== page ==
Joe Mulholland, Head of Production at a Hollywood studio, makes a rather fool-hardy promise to a dying friend. He undertakes to make a major movie using the title - if not the content - of ... See full summary »
Rod Serling's seminal anthology series focused on ordinary folks who suddenly found themselves in extraordinary, usually supernatural, situations. The stories would typically end with an ironic twist that would see the guilty punished.
Produced by her husband Joe Hamilton who had also produced her variety series, Carol Burnett is Dorothy Benson, wife of advertising worker Jim (Charles Grodin), mother of three and would-be murder mystery writer, who instigates the family move from living in New York City to suburban Darkhaven Manners.
Based on the novel by Erma Bombeck, the premise allows for the Bensen's to find their new environment just as hostile as their previous one, with Dorothy's role as `hired hand' a worse form of drudgery than she seemed to have in the city. Although the following year's Friendly Fire is thought of as Burnett's dramatic debut, her Dorothy allows her to present a housewife's frustration, dis-empowerment, and contemplation of infidelity, all which she performs with subtlety and restraint. However, the material also allows Dorothy to be funny, which Friendly Fire doesn't.
Burnett is hysterical in the clown way she reacts to having gardening manure thrown on her, screaming and jumping in fear of a rebellious garbage disposal system, her forced smile of gratitude for being volunteered as a girl scouts cookie chairwoman, and reacting to a dog that is brought home and jumps on her- `What is it? It's a lion!'. (The manure and dog scenes are the only time that the vaudevillean music score of Peter Matz is appropriate). We also see her opening her mouth but not saying anything to an insult from Jim, smiling in the face of his depressive persona, noisely swallowing coffee at the accusation of her having an affair, and throwing Jim's gardening utensils and dirt off her work desk. Burnett has a strong rapport with her youngest son David (David Hollander), and intones `skews' amusingly to parody Jim's repeated use of the word.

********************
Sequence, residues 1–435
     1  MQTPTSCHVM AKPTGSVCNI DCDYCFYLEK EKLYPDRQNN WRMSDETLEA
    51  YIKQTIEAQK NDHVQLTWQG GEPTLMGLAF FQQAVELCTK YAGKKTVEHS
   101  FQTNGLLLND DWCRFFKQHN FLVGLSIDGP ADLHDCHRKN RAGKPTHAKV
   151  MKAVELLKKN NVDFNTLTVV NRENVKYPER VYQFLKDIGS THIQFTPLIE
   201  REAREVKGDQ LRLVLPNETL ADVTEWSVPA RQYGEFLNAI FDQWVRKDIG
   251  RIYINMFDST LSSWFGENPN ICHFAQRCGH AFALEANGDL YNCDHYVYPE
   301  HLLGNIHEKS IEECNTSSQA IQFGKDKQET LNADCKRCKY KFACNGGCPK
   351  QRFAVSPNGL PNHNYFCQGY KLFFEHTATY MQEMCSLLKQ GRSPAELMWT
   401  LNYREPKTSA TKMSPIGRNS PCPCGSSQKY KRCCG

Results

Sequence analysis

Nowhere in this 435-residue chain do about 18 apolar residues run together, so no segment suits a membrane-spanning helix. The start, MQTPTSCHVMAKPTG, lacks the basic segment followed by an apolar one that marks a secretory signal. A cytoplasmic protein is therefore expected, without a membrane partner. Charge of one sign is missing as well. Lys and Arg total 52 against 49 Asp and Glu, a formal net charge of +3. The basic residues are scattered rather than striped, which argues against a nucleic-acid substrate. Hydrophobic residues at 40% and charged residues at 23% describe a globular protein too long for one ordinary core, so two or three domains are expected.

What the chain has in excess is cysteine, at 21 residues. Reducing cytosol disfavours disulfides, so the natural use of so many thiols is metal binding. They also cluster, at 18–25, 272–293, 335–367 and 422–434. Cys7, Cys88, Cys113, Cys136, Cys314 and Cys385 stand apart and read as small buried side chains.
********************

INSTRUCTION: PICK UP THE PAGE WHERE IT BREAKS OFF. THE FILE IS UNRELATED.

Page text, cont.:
The teleplay by Dick Clair and Jenna McMahon has many funny lines. `I knew I could be a brilliant writer, as soon as I wrote something'. `You guys wanna know something about F Scott Fitzgerald and Shakespeare? They weren't mothers'. `We had the only toilet seat in the city that was held together with silly putty', `A man doesn't notice that another man is attractive. Well, you can tell the difference between Cary Grant and Peter Lorre, can't you?'. `If the good Lord had meant for people to go nude, he never would have invented the whicker chair', `You're either bushed or you're washing your hair. You gotta try for some other moods'. `He got hold of a sponge and it expanded in his stomach. He'll be fine. We just can't give him water for a year', and `Hemmingway wrote in mens rooms. That might be just the inspiration I'm looking for'.
However all humor goes out the window when the narrative has Dorothy apologise to Jim for asking for some independence. Jim is allowed to have his garden as a hobby, but poor Dorothy can never get to her writing class. And Jim tells her that if she was any sort of a writer, she could write no matter what or where, ignoring Dorothy's mammoth domestic chores. The accusation against Dorothy having an affair with house husband and David's baseball coach Ralph Corliss (Alex Rocco) is paralled with Jim's fawning over the community sexpot Leslie (Linda Gray), with Jim's resultant behavior left unexplained.
Director Robert Day uses bad rear projection for a car scene of the move, and shoots one family dinner with the camera on Burnett's seeming hunchback.
4 of 5 people found this review helpful.
Was this review helpful to you?